The week leading up to Nigel Clough’s sacking begun with a difficult home game against Reading followed by two difficult away days against local rivals Leicester in the cup on a Tuesday night and finishing at the City Ground against Derby’s biggest rivals Nottingham Forest.
You could say it seemed like it had written Nigel Clough’s P45 for him.
When he was finally shown the door by Derby’s acting chief executive Sam Rush, there was a lot of anger because when finally it looked like five years of painstakingly good work was slowly working towards an end goal, he was chopped.
It’s not like he ever had money to spend, or should have had heavy expectation on his shoulders because the nature of the rest of the division meant Derby were one of the ‘have-nots’ and after a respectable 10th place finish with a closed-knit young side, which would have seen natural progression alone see them better themselves there was rightfully a lot of confusion on the timing of the sacking.
It’s not like they were struggling massively – and were still within a few points of the play-offs and sitting mid-table with a fairly kind group of games coming up at home, so the general belief was that it wasn’t totally footballing reasons this decision was made.
Nonetheless what United can expect from Clough is a very good coach, with a knack of working with and developing young players. When he first came into Derby he was left in a dressing room full of embittered ageing footballers that were playing for the money, some for their last pay cheque and nothing else.
He brought out the best in certain players, usually the ones with the correct attitude and the worst in the players with a bad attitude so finding a group of players that matched his ethos, as well as the quality required was the difficult task, but he finally got there with a few bumps along the way, but once he got there the football at Pride Park was as good as I have seen for a decade, rivalling George Burley’s Derby side for the attractiveness of their football.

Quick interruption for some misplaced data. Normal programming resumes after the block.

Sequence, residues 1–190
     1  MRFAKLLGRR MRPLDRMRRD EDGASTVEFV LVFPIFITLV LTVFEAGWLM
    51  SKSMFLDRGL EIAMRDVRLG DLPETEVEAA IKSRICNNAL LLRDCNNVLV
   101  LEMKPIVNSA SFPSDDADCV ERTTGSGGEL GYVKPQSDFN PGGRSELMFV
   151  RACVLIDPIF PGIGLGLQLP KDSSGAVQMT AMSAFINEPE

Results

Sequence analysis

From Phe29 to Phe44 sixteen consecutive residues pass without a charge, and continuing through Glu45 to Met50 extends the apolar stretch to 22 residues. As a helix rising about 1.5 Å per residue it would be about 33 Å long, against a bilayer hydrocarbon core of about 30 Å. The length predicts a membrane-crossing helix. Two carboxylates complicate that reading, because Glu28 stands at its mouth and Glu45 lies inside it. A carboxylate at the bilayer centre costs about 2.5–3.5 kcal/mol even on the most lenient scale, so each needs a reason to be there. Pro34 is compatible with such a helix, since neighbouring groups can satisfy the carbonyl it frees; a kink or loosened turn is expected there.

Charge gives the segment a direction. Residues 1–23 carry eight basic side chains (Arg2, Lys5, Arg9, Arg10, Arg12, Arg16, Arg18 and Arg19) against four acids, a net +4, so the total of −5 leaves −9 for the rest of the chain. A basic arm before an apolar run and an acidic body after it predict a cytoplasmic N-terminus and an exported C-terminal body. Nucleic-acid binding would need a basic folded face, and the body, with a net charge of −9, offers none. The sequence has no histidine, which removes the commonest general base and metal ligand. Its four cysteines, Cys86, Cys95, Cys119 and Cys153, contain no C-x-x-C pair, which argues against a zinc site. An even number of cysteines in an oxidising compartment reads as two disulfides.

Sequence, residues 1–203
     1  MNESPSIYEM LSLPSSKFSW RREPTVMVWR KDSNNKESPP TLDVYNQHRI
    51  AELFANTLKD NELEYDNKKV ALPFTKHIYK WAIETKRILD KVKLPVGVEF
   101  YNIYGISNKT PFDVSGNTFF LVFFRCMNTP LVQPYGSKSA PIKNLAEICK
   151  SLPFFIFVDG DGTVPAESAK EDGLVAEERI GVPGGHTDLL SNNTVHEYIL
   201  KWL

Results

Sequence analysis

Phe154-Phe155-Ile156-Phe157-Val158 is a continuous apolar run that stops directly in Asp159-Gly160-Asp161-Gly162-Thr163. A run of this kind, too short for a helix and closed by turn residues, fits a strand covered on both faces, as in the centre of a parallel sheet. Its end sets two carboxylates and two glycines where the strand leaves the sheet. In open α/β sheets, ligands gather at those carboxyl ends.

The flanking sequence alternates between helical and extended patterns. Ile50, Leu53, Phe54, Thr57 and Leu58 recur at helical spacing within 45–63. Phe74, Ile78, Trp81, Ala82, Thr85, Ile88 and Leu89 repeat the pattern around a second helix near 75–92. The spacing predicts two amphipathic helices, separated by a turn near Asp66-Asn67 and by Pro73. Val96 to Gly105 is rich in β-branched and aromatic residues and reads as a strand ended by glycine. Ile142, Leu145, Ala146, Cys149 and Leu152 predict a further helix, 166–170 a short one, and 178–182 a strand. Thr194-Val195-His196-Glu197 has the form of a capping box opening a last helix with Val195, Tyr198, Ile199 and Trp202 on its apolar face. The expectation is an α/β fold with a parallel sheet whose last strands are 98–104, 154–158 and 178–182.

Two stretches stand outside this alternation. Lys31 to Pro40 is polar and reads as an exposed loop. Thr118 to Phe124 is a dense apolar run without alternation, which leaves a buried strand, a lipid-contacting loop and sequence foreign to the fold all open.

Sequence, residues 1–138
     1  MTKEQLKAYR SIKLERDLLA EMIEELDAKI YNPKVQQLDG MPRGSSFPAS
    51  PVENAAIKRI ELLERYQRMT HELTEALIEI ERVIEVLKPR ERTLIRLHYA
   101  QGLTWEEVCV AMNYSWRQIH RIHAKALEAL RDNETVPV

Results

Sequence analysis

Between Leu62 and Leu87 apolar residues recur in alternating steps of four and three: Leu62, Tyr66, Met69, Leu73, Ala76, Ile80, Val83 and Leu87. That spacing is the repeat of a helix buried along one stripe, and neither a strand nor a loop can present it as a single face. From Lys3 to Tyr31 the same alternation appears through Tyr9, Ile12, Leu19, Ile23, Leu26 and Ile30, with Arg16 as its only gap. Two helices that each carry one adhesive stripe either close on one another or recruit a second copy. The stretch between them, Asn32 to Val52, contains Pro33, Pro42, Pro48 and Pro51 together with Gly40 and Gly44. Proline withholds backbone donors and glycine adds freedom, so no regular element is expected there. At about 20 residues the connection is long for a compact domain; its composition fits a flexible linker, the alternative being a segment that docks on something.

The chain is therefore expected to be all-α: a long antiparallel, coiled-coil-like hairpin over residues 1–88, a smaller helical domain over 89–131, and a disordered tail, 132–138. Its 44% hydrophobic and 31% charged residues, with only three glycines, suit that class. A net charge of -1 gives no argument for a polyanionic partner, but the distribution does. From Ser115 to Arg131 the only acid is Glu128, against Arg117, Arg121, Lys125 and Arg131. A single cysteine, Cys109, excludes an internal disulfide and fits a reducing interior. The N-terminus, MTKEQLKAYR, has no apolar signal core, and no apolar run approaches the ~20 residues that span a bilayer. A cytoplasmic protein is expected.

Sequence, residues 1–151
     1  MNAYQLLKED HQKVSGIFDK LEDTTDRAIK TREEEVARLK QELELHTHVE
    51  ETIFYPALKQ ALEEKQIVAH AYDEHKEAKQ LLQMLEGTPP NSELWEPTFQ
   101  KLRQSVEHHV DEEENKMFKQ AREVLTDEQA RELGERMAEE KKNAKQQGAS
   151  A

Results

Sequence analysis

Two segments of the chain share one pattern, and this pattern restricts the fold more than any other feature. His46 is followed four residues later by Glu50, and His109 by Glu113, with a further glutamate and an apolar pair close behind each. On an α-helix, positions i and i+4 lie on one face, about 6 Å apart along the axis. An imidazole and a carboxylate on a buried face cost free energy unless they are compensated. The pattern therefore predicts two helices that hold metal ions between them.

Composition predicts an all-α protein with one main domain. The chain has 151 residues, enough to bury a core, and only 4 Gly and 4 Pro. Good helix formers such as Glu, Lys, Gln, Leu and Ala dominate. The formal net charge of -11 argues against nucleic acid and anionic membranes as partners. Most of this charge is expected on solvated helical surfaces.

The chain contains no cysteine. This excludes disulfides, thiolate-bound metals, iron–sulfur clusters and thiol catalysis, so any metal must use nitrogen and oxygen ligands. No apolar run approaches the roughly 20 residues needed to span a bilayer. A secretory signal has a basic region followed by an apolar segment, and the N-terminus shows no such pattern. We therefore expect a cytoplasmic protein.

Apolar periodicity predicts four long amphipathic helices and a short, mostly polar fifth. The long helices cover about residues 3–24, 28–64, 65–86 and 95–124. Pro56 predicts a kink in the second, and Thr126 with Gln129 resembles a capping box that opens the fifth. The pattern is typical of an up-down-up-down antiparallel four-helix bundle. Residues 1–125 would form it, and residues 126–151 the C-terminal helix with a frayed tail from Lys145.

The amount of young players that came through was a breath of fresh air, admittedly he can only take a small amount of credit for this as Darren Wassall and his staff were the ones working with the academy but under Cloughs tenure Derby saw Jeff Hendrick, Callum Ball and Mark O’Brien come through first, then followed by Hughes, Bennett, Freeman and on the horizon are players like Hanson, Lowe, Hoganson and Gjoakj.
He redeveloped the clubs ethos’ and mentality for a long term project, which is refreshing when short term goals in football are the only thing that seems to matter. He does have his down-falls which inevitably ended his career at Pride Park, often naïve with his tactics and probably guilty to giving to much freedom to young players, who made bad decisions.
Questionable substitutions at key times, and sometimes although rare very snappy, direct and vicious post-match reviews which some players can become scathed. An infamous one he did about Tommy Cwyka (now at Barnsley) where he remarked ‘’he can go back to Wigan, Poland.. or wherever he has come from’’ obviously couldn’t bite his tongue for the young winger's inexperience costing Derby two points very late in an important game.
If I was a Sheffield United fan, I would embrace Clough’s management – he will always play the right way, and try and achieve great things even without the best of players.
The mentality and ideology is there, and he has certainly grown into the managerial role at Derby. I strongly back him to be a success, and he will unquestionably with time bring United back into the Championship, in a strong and healthy position and not through the use of over-the-hill, last pay cheque players.
image: © matlock-photo